We hear a lot about how few women work in tech. The numbers range from 3 percent in open source to 25 percent industry-wide. But frankly, those aren’t the numbers that scare me most. The numbers that scare the hell out me are the ones that underscore how many women are choosing to leave tech.
The latest NCWIT data shows that women leave tech at twice the rate of men, and that number has been increasing since 1991. A Harvard Business Review study found that as many as 50 percent of women working in science, engineering and technology will, over time, leave because of hostile work environments.
As a young, very talented female programmer recently told me: “I don’t want to leave tech but after a year into my first job, I’m considering it.”
The tech industry is known for being fun, fast-moving, sexy and lucrative. Just this week Apple introduced its latest iPhone and the event and resulting media attention was no less buzzworthy than a blockbuster movie premiere. But increasingly, we’re realizing something isn’t quite right. People in positions of power and privilege are talking about making the world a better place but can’t seem to get inclusion right in their own companies.
There is so much at stake. If we can’t collectively get it right, the tech industry could suffer and the very foundation of our economy could crack. Tech jobs are the most lucrative jobs in the world, so women need both access to these opportunities and the desire to pursue them. And we need women and more minorities building technologies that today are being consumed by an increasingly global and diverse population. Furthermore, we know that businesses with a diverse workforce perform better than others.
About a year ago, as the volume on this topic was building but no proposed solutions to increase diversity were working, I posed a question to myself: “What can you do to help? Cause this is a big ass, scary deal happening right in your own backyard.” After nearly 17 years in tech PR and as an early storyteller for the Linux and open source communities, I already knew I wanted to start my own PR and storytelling firm. If I could start my own business, maybe I could also create time and space to do my small part to ensure women have a place in tech.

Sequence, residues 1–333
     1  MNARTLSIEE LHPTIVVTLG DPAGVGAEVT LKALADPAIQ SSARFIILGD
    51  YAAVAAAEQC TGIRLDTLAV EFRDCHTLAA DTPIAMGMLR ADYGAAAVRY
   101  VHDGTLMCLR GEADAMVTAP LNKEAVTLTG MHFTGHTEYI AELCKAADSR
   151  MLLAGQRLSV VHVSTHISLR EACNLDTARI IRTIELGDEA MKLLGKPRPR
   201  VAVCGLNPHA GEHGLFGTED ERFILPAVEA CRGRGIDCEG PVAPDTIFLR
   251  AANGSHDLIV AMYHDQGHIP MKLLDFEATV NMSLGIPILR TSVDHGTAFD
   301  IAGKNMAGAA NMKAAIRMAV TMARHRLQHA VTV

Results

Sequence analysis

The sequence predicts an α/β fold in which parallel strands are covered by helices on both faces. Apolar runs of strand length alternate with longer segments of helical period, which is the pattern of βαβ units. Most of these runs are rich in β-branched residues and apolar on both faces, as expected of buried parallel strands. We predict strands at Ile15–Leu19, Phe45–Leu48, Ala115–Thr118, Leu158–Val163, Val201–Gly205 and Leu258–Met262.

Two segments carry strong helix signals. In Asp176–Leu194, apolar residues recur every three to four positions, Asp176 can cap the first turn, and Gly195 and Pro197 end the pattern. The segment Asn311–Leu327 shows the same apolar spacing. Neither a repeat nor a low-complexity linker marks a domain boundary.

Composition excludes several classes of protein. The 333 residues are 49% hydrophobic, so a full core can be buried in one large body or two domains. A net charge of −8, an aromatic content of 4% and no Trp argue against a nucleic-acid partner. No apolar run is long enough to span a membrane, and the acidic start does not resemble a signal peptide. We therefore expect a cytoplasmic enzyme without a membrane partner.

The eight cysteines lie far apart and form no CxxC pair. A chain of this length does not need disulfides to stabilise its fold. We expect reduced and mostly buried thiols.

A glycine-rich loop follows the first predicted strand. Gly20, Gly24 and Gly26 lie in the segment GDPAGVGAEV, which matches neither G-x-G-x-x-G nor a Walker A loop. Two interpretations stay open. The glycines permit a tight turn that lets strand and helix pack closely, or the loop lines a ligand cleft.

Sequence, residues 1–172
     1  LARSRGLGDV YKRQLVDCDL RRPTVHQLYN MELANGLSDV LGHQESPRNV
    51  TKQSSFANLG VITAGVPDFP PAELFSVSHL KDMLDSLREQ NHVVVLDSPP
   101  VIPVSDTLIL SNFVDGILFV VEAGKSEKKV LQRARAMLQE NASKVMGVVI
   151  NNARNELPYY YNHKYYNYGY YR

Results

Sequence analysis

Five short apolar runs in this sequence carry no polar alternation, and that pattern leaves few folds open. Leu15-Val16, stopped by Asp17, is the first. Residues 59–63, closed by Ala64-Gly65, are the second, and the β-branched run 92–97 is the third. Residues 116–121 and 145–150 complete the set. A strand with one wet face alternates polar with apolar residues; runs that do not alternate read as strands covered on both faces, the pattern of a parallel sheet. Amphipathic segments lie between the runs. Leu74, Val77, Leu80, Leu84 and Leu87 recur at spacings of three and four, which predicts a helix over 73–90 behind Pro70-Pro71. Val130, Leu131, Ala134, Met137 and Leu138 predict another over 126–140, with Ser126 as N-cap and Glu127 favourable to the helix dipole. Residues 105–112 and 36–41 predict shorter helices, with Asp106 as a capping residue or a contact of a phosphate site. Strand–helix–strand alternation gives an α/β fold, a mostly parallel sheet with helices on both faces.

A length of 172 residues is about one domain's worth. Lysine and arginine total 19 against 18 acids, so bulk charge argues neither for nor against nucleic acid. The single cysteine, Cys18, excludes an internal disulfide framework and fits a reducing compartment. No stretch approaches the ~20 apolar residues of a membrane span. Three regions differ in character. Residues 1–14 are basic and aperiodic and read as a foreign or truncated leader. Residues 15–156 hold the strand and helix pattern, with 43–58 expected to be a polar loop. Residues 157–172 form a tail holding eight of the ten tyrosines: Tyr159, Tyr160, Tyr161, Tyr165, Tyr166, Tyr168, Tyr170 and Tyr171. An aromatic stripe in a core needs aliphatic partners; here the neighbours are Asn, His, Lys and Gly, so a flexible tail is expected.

One year and two new businesses later, I’m excited to share the release of the trailer for The Chasing Grace Project, a six-episode documentary series about women in tech. Each episode is focused on a different topic within the women in tech narrative. From the pay gap, online harassment and female entrepreneurship to access to the best jobs, the decision to leave or stay in tech and the role of male allies, the series will illustrate how we pave the way forward.
By telling the stories of adversity in all their gritty detail, we can begin to see how women are rising above them, moving past them and paving their own paths to successful careers in tech. The Project aims to give a voice to the everyday women in tech, not just the ones who make the headlines. Because what we read about in Newsweek, The Atlantic and The New York Times is happening every day.
The women we’ve talked to love tech. They love to build; they love to manage projects; they love to bring communities together; they love to invent and innovate. They want to be here. At least for now.
We hope The Chasing Grace Project can provide the blueprints for other women to find their paths, their way, hopefully preventing extinction of women in tech and helping to retain the best and brightest female talent in the world.
A special thank you to my Wicked Flicks Productions co-founder and Chasing Grace Project director Gary Schillinger and early Project sponsors The Linux Foundation and Cloud Foundry Foundation. And most of all, thank you to all of the women who responded to our call for stories. Just four of their stories begin in the trailer, but we have so much to share in the coming months and year. Sign up on our website for regular updates and follow us on Facebook, Twitter and Instagram.